Part six of this seven-part series: Why Are American Women Getting Fat? What can you do about it.

The broad health benefits of regular exercise include reduced risk of heart disease, high blood pressure, osteoporosis, diabetes, and obesity. Exercise can help improve your skin and allow your internal organs to function better. Exercise contributes to mental well-being (including relief from depression, stress and anxiety) and ensures better sleep. Exercise increases metabolism, energy, and endurance, while reducing some of the effects of aging; It is truly the “fountain of youth”!

A well-designed and executed exercise program can improve or protect posture, help keep bones and muscles stronger, and keep joints, tendons, and ligaments injury-free. Exercise also helps keep your joints, tendons, and ligaments flexible.

Exercise is an important factor when trying to lose weight because it facilitates fat loss by burning calories when you exercise and boosting your metabolism for many hours afterward. Exercise increases your lean body mass, which equates to a higher sustained metabolic rate and leads to a leaner, firmer, more sculpted physique. Exercise makes you healthier, it makes you feel better, look younger and more alive, it’s sexy!

If you are serious about getting fit, losing fat and gaining health, there is only one main rule of exercise; the exercise is required. So find something you love to do and make it a part of your life. Before starting an exercise program, check with your doctor.

Exercise is crucial for fat loss and good health. It is also essential for maintaining a low level of body fat and good physical condition. However, the frequency, duration, and intensity of your exercise will vary based on your goals, age, fitness level, medical condition, and other circumstances.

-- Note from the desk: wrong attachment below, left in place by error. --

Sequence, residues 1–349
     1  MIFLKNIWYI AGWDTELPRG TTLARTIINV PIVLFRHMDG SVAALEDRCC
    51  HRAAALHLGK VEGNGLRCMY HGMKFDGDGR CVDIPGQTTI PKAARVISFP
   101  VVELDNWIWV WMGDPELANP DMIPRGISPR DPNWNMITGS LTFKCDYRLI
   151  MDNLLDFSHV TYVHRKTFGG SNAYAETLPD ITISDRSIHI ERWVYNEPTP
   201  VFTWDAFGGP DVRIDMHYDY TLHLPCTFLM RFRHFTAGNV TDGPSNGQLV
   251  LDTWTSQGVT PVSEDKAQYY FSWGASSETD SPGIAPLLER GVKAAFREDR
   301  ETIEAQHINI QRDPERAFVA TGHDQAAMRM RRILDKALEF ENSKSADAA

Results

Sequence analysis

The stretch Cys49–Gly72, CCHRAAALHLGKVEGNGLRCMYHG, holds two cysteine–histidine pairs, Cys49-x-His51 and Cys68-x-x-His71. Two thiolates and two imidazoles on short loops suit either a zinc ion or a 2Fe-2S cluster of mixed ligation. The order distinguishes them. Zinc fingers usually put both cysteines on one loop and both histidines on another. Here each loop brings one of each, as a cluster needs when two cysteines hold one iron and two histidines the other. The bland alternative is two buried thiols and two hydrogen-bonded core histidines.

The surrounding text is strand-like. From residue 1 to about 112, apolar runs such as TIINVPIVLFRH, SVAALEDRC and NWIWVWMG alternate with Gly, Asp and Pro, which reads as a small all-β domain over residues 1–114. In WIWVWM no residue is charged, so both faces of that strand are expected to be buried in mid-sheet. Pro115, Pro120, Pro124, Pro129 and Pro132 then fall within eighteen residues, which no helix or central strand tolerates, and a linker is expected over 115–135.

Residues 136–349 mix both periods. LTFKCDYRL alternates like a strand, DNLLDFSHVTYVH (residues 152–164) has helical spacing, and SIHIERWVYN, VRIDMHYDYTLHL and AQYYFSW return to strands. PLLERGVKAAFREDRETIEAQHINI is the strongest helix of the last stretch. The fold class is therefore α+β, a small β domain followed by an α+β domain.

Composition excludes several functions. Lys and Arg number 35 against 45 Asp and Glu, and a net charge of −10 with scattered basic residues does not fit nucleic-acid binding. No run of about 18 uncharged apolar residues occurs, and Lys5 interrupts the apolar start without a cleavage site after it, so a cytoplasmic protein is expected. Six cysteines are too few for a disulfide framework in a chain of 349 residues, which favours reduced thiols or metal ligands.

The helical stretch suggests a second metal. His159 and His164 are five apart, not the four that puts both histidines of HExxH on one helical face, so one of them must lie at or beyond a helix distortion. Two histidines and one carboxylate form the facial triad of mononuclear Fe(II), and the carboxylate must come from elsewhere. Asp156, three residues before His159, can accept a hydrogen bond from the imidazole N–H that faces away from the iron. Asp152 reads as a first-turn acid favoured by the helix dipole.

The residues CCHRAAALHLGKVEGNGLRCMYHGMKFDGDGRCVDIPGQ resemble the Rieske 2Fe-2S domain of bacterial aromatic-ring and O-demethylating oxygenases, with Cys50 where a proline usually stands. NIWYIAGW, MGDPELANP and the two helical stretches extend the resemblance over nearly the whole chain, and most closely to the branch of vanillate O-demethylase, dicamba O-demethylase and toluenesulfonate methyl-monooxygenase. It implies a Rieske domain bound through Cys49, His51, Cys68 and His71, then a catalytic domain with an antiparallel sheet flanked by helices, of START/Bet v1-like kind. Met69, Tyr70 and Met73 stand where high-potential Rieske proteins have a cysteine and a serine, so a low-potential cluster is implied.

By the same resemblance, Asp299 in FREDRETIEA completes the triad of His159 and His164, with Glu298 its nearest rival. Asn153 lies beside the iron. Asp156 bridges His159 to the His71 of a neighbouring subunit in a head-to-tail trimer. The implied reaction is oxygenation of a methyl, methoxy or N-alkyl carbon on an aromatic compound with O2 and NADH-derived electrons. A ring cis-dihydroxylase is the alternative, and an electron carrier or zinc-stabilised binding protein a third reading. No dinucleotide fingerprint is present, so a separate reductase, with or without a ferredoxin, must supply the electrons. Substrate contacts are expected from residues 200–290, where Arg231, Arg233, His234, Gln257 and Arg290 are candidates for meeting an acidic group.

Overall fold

Here is a quick guide to exercise:

  • The best thing to do when your doctor clears it and you’re ready to start an exercise program is to hire a certified fitness professional. That way, you won’t waste time, money, or risk injury.
  • An exercise program should consist of the six components shown in the chart below. Each workout should be tailored to your age, current fitness level, and any medical or physical limitations you may have. Your goals, lifestyle, exercise interests, and level of commitment should also be considered when designing your exercise program.

Six Components for an Effective Exercise Program

Purpose-Types of Activity-Frequency-Duration-Intensity

#1 Cardio Conditioning

  • Purpose: supports the heart and lungs, has many other health benefits; has a great impact on fat loss
  • Types of activities:
  1. Bicycling, running, fast walking, climbing stairs, rowing, etc. (outside or inside)
  2. Consider: a spin class or group aerobics class
  • Frequency: 3 to 5 times a week
  • Duration: Approximately 30 to 45 minutes
  • Intensity: 75 to 85% of your maximum heart rate

#2 Strength and resistance training

  • Purpose: Helps build muscle, strength and endurance, and bone density; it has many other health benefits; increases lean body mass, which promotes fat loss and makes you look firmer.
  • Types of activities:
  1. Weight training with free weights, some machines and other modules
  2. circuit training
  3. Consider: Pilates, which covers some strength, core, and flexibility training.
  • Frequency: 3 to 5 times a week
  • Duration: Approximately 30 to 45 minutes